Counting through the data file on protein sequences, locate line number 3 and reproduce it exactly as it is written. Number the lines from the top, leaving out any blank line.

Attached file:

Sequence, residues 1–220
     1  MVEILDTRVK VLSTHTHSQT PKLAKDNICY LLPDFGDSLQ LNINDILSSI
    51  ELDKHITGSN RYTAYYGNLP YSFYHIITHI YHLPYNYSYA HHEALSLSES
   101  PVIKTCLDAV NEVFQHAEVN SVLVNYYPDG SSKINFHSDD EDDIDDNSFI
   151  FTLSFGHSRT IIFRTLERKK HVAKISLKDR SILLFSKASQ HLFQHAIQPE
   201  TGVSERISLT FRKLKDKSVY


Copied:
    51  ELDKHITGSN RYTAYYGNLP YSFYHIITHI YHLPYNYSYA HHEALSLSES